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Mosebenzi Zwane testifying at the state capture commission. Picture: VELI NHLAPO
Mosebenzi Zwane testifying at the state capture commission. Picture: VELI NHLAPO

Banking clients, even dodgy ones, should be afforded the right to be heard before their bank accounts are closed, chief justice Raymond Zondo has recommended in relation to the closure of the Guptas’ bank accounts during the height of the state capture era.

At the same time, Zondo found that former president Jacob Zuma acted illegally, violating the constitution and the Executive Members’ Ethics Act, for his role in trying to coerce the banks into reopening the family’s accounts. He also found that former mining minister Mosebenzi Zwane, who crusaded passionately on behalf of the Guptas over the account closures, violated the executive ethics code.

There is a Supreme Court of Appeal ruling which states that a bank is not obliged to hear a clients’ side of the story before closing their accounts, due to the relationship not being a “contractual one” — but Zondo disagrees.

“In this day and age in SA, it is unacceptable that an institution as powerful as a bank should have no obligation to hear, whether in a discussion or in writing, what a client has to say before the bank may close the account on suspicion that the client may be involved in illegal or corrupt transactions,” Zondo says in his report.

“It is therefore recommended that relevant existing legislation governing banks be amended to introduce this requirement of fairness or, if warranted, a new piece of legislation be enacted which will make this a requirement.” 

As state capture allegations began spilling into the public domain in 2016, the country’s banks moved to close Gupta company bank accounts. The family sought the help of the ANC and their many proxies in the government to reverse the decision.

After four-and-a-half years, the final instalments of the state capture report have been handed over to President Cyril Ramaphosa.

They argued that the closure was a result of “white monopoly capital” attempting to squeeze out legitimate black business. At the time, the Zuma administration went all-out to help the family — Zwane even fabricated a cabinet decision to establish a commission of inquiry into the banking sector, which sent shock waves through the markets at the time.

The claim that the termination of their accounts was done to advance the agenda of “white monopoly capital” was “entirely unjustified”, Zondo says. “There is absolutely no evidence to support that accusation. The decisions of the banks were taken in the light of their legal obligation when a client appears to be involved in a suspicious transaction that could cause a bank reputational damage.”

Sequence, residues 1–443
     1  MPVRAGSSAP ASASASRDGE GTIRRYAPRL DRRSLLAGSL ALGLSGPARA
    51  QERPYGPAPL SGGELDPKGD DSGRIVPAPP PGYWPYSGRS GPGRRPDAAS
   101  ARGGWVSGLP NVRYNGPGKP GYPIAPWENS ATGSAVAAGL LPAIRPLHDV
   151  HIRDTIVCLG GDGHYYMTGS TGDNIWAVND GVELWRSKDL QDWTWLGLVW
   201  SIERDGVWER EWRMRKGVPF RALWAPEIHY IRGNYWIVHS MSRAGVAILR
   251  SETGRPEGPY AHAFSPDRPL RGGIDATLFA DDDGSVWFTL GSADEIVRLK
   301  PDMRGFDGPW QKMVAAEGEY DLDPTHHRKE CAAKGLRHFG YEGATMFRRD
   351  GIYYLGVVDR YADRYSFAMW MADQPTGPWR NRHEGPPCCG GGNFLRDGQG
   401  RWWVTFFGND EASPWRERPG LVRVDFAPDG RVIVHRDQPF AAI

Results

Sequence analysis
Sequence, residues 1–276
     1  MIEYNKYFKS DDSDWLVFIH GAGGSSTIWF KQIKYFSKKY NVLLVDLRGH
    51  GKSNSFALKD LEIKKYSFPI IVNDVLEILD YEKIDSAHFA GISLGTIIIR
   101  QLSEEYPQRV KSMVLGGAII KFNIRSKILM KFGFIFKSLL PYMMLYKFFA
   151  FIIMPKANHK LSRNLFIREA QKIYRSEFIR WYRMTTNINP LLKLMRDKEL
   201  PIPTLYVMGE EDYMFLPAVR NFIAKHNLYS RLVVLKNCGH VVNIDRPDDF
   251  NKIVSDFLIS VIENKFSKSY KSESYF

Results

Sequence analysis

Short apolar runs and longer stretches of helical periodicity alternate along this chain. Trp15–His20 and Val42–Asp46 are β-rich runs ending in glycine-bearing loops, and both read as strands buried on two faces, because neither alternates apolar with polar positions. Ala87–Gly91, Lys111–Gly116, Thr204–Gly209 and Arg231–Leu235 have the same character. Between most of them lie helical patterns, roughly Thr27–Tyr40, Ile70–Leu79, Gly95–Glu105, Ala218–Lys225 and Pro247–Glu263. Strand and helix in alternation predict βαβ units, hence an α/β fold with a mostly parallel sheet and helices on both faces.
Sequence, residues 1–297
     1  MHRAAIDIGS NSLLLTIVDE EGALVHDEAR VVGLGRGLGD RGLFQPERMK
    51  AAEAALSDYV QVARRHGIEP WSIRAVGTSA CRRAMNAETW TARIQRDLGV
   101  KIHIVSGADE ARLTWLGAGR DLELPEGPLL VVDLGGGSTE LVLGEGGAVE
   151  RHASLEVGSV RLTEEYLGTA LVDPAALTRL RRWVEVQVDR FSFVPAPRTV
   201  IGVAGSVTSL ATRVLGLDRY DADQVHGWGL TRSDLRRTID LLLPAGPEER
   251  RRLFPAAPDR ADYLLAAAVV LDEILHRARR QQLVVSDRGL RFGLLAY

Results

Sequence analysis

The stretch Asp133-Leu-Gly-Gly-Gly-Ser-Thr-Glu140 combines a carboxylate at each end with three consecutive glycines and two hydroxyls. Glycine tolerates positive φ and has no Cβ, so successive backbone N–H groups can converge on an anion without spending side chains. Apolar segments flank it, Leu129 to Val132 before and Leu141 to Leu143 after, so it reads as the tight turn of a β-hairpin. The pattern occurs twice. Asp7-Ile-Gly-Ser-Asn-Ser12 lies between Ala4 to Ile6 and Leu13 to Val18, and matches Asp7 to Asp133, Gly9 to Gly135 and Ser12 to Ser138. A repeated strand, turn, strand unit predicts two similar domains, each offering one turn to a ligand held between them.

In light of the evidence, Zondo says, there was no doubt that Zuma wanted the interministerial committee established by the cabinet to look into the matter to “come to the assistance of his friends, the Guptas”. This would have been improper interference in the relationship between a bank and its clients.

“That conduct on [Zuma’s] part was also a breach of section 96(2)(b) of the constitution. That reads [that] members of the cabinet and deputy ministers may not act in any way that is inconsistent with their office or expose themselves to any situation involving the risk of a conflict between their official responsibilities and private interests.”

President Zuma and Mr Zwane misused their public power in an attempt to achieve a benefit for the Guptas ... because of the power and the influence the Guptas were able to wield in the SA of those times

Zuma’s conduct was also in breach of section 2 of the Executive Members’ Ethics Act. “When one also has regard to the statements he made in parliament on the matter, it is quite clear that he sought to improperly interfere in the matter of the closing of the banking facilities of the Gupta-owned companies in order to assist his friends.”

Zuma told parliament at the time that the government could not ignore the closure of the family’s bank accounts as it “looked suspicious”.

Zwane, in his role as chair of the interministerial committee, violated the executive ethics code, Zondo found.

“I have concluded that President Zuma and Mr Zwane misused their public power in an attempt to achieve a benefit for the Guptas, not because their case was a deserving one which ought to enjoy the protection of the state but because of the power and the influence the Guptas were able to wield in the SA of those times,” Zondo says.

“This conduct on the part of Mr Zuma and Mr Zwane ought to be deplored and condemned both as a violation of the powers vested in them by the constitution and as a breach of the executive ethics code.”

Zondo doesn’t spare the ANC leaders who met the banks on the family’s behalf either. He says the party tried to put across that it met the banks not to assist the Guptas but to understand the processes and circumstances under which a banker-client relationship would be terminated.

He says his task was not to make findings on the ANC, but its conduct raised questions — namely, why did the leaders ask specifically about politically exposed persons and, importantly, why did they report back to Gupta company Oakbay after their meetings with the banks?

It was also improper for the cabinet, which set up a task team to help the Guptas, to get involved in the closure of the family bank accounts. 

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